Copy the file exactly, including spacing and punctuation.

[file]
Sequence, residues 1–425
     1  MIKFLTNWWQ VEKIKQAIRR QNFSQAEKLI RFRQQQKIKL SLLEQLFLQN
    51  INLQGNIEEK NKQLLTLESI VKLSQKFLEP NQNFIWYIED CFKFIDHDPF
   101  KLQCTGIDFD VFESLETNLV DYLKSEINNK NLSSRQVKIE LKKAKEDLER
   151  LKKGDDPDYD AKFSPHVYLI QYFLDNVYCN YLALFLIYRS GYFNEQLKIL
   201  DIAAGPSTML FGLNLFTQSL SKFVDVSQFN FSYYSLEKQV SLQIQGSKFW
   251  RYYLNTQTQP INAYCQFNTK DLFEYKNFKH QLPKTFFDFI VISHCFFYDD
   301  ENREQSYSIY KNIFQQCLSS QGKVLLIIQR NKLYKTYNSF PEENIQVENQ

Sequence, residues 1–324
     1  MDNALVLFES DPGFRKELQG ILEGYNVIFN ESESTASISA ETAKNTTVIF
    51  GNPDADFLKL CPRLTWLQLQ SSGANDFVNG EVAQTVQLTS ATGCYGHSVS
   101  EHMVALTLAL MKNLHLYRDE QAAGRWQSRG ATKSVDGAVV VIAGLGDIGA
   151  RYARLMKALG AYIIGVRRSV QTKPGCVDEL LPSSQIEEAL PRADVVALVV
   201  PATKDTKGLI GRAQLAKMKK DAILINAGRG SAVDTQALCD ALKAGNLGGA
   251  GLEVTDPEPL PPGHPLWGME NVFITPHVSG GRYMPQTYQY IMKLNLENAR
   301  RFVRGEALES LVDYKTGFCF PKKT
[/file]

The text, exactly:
Sequence, residues 1–425
     1  MIKFLTNWWQ VEKIKQAIRR QNFSQAEKLI RFRQQQKIKL SLLEQLFLQN
    51  INLQGNIEEK NKQLLTLESI VKLSQKFLEP NQNFIWYIED CFKFIDHDPF
   101  KLQCTGIDFD VFESLETNLV DYLKSEINNK NLSSRQVKIE LKKAKEDLER
   151  LKKGDDPDYD AKFSPHVYLI QYFLDNVYCN YLALFLIYRS GYFNEQLKIL
   201  DIAAGPSTML FGLNLFTQSL SKFVDVSQFN FSYYSLEKQV SLQIQGSKFW
   251  RYYLNTQTQP INAYCQFNTK DLFEYKNFKH QLPKTFFDFI VISHCFFYDD
   301  ENREQSYSIY KNIFQQCLSS QGKVLLIIQR NKLYKTYNSF PEENIQVENQ

Sequence, residues 1–324
     1  MDNALVLFES DPGFRKELQG ILEGYNVIFN ESESTASISA ETAKNTTVIF
    51  GNPDADFLKL CPRLTWLQLQ SSGANDFVNG EVAQTVQLTS ATGCYGHSVS
   101  EHMVALTLAL MKNLHLYRDE QAAGRWQSRG ATKSVDGAVV VIAGLGDIGA
   151  RYARLMKALG AYIIGVRRSV QTKPGCVDEL LPSSQIEEAL PRADVVALVV
   201  PATKDTKGLI GRAQLAKMKK DAILINAGRG SAVDTQALCD ALKAGNLGGA
   251  GLEVTDPEPL PPGHPLWGME NVFITPHVSG GRYMPQTYQY IMKLNLENAR
   301  RFVRGEALES LVDYKTGFCF PKKT